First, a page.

Gates and Co.: 'An astonishing lack of recall' But Microsoft officials say they're cooperating

Computers

September 02, 1998|By SEATTLE TIMES

WASHINGTON -- Chairman Bill Gates and other Microsoft Corp. executives have claimed "an astonishing lack of recall" about pivotal business decisions when questioned by government attorneys, state and federal antitrust prosecutors alleged in a court document made public yesterday.

"Bill Gates, who is placed at the center of key events by numerous documents, displayed a particular failure of recollection at his deposition," the prosecutors said.

Microsoft officials have been cooperative, provided millions of pages of records and e-mail and answered every question "to the best of our ability," spokesman Jim Cullinan said. "It is unfortunate that the government has lost faith in the substance of its case and is resorting in this kind of name calling."

Attorneys for the U.S. Department of Justice and 20 states, which have filed a broad antitrust suit against Microsoft, also alleged that Microsoft dealt an illegal and unfair blow to competitor Net- scape Communications Corp. in steps taken -- as recently as February -- to keep Netscape's Internet browser off computers made by Apple Computer Inc.

The suit cites three dates -- Aug. 21, 1997, and Jan. 22 and Feb. 13 of this year -- during which Microsoft allegedly did something to persuade or prevent Apple from loading Netscape's browser on its computers. What it did is not clear, because details were blacked out on court documents at the demand of Microsoft, which doesn't want "trade secrets" to become public.

The government attorneys argued that the court should reject Microsoft's plea to dismiss the antitrust case, and they offered fresh examples of allegedly monopolistic and predatory behavior toward chip maker Intel Corp. of Santa Clara, Calif., computer maker Apple, of Cupertino, Calif., and Seattle-based RealNetworks Inc. The document was filed late Monday and made public yesterday.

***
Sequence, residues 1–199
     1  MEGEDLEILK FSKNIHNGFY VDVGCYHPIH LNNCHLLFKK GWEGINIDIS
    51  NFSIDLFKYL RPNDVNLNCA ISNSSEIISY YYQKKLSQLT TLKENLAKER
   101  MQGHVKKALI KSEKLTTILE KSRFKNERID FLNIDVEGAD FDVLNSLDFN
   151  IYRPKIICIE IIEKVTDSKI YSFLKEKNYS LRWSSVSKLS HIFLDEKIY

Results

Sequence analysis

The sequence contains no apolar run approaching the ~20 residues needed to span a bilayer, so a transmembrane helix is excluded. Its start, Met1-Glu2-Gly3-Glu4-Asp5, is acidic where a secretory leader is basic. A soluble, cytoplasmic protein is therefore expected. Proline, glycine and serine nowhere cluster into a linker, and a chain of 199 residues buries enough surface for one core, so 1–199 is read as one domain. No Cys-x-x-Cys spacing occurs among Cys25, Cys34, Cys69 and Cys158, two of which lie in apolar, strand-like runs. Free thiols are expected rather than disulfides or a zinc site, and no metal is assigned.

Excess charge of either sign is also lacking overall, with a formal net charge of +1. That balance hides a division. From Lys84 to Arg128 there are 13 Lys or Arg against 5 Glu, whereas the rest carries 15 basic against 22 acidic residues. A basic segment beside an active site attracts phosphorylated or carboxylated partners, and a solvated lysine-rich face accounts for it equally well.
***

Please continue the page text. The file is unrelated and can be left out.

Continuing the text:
"Microsoft's monopoly power is illustrated by its ability to secure agreements from competitors and potential competitors, including companies as powerful as Intel, to reduce or eliminate their competition with Microsoft," the government attorneys said.

Word of Gates' alleged forgetfulness comes as the Microsoft chairman and co-founder prepares for a third day of questioning today. The government cited eight documents that contradicted answers of Gates during his two-day deposition last week on Microsoft's Redmond, Wash., campus.

During depositions, government attorneys showed documents to Microsoft officials.

"Executives who are stated to be the authors of documents claim not to remember writing them," the government said. "Executives who are the stated recipients of documents claim not to remember receiving them. And both authors and recipients claim not to know what the documents mean."

The government said the posture has been part of a corporate pattern since the antitrust investigation began.

Pub Date: 9/02/98

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